“I loved you enough . . . to ask where you were going, with whom, and what time you would be home.
I loved you enough to be silent and let you discover that your new best friend was a creep.
I loved you enough to stand over you for two hours while you cleaned your room, a job that should have taken 15 minutes.
I loved you enough to let you see anger, disappointment, and tears in my eyes. Children must learn that their parents aren’t perfect.
I loved you enough to let you assume the responsibility for your actions even when the penalties were so harsh they almost broke my heart.
But most of all, I loved you enough . . . to say NO when I knew you would hate me for it.
Those were the most difficult battles of all. I’m glad I won them, because in the end you won, too.
And someday when your children are old enough to understand the logic that motivates parents, you will tell them.”
I saw this poem in a pediatrician’s office when Joshua was a baby, and immediately knew these were words to live by. I was once again reminded of it today when a friend of mine called me for some Mom advice. I’ve told y’all that I started this blog because many of my friends call me for advice about their kids health and parenting issues. I never mind sharing my perspective and professional advice with a friend. I think we should all help each other.
As I’ve said before, It takes a village to raise a child, and it really does!!!
Today when I got a call from CC’s mom and heard what was going on, I knew I needed to do some clean up work, and fast. Mom’s mental health and stability is crucial for a happy, healthy family!! CC is 13.5 months old, and one of the cutest little girls you would ever want to meet. She has a handsome, athletic Papa, and a beautiful, smart, strong, athletic, determined, and caring Momma. From the beginning, CC has given her parents many happy moments, and also a few challenging moments along their parenting journey. I remember going over in the first few weeks and helping CC and her Momma get the breastfeeding challenges under control. I told Mom at the time this was going to be a very head-strong little girl. I could tell from the beginning that she was going to learn how to do things her way. Today’s phone call let me know once again how head-strong and smart little CC is going to be. Even though she can’t say anything yet, CC made it known that she wanted to spend more time with her grandmother than mom by pushing away and saying what sounded like ‘Go away’….Can you say Heartbreak!! :-( CC isn’t really talking yet, but we are thinking her first words were ‘Go away.’ When Mom called me, she had been processing this for a little while and just couldn’t believe her baby girl’s first words might actually be Go Away.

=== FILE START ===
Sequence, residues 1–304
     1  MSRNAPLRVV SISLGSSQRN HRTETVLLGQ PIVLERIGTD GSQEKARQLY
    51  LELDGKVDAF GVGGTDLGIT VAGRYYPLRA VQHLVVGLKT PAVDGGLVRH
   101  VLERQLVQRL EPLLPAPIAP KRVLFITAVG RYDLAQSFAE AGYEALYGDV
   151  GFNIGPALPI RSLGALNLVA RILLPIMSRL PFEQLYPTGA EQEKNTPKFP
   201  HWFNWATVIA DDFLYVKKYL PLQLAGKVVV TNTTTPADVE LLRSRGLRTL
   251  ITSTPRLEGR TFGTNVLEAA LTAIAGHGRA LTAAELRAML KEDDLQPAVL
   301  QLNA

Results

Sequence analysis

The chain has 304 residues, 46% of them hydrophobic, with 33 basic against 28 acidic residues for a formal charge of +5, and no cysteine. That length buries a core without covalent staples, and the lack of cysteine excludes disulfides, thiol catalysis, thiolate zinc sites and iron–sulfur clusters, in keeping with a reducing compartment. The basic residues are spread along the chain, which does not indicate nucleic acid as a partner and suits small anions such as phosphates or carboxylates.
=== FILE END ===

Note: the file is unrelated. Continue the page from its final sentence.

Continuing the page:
What this tells me is that Miss CC is S.M.A.R.T!! She has already figured out that spending time with a grandparents is all fun and games! Children learn very early on how to wrap those grandparents right around their little finger. Unfortunately, Mommy and Daddy don’t have this same luxury. Mothers and fathers have to be the disciplinarians. Parenting is NOT always fun. Children depend on their parents to set boundaries, create limits, and teach them what the real world is all about. Mom and Dad don’t have all day to sit and play; they have to prepare meals, clean, do laundry, and work all while keeping up with the daily routine of life. So, playing all day is out of the question. Kids learn very early that they can get away with so much more with grandparents than parents, and they definitely use this to their advantage. Mom referred to CC as Miss Independence. I agreed with her, and told her that the text books really do call this developmental stage “Miss Independence.” Yes, there is no doubt where CC gets her smarts.
I tell the working mom’s I know that they really have 2 jobs, but only one of those jobs pays a salary. I tell the Moms that stay home that they have the hardest non-paying job ever. Motherhood is the hardest thing we will ever do… EVER! Being a mother is the most thankless job you will ever have, but you really won’t care. There is a saying that motherhood is like having your heart walk around outside your chest …how very, very true!
Being a mom does not mean you are your child’s friend. You can be their friend when they grow up and realize what a great person you are, and what a good mom you have been. Being a mom does not mean that you will do your child’s homework, they have to learn how to solve problems on their own. If they don’t struggle a little with learning, how will they ever persevere when things get tough. Do not allow your child to think they are better than someone else. Being a mom means that you will discipline your child when they start to act inappropriately to another person. If children are not taught right from wrong, they will not learn what is right or wrong. A mom should not let you talk disrespectfully to other people. A mom will make you use your manners, even if people are unkind. All of these Mean Mom things are going to help your child cope with the world around them, and build their confidence and self esteem. I could go on and on, but I think you get my point. And, yes, there are times, that you can let your guard down and just have fun with your children.
So, to my friend, I hope you are feeling better about being a Mean Mom. You are doing a fabulous job along this challenging journey called Parenthood. Keep up the good work!! CC will thank you someday.
As Mean Moms, we are teaching our children what is right and helping them become better people.
Mean moms are the world’s best moms! The world needs more mean moms, don’t you agree??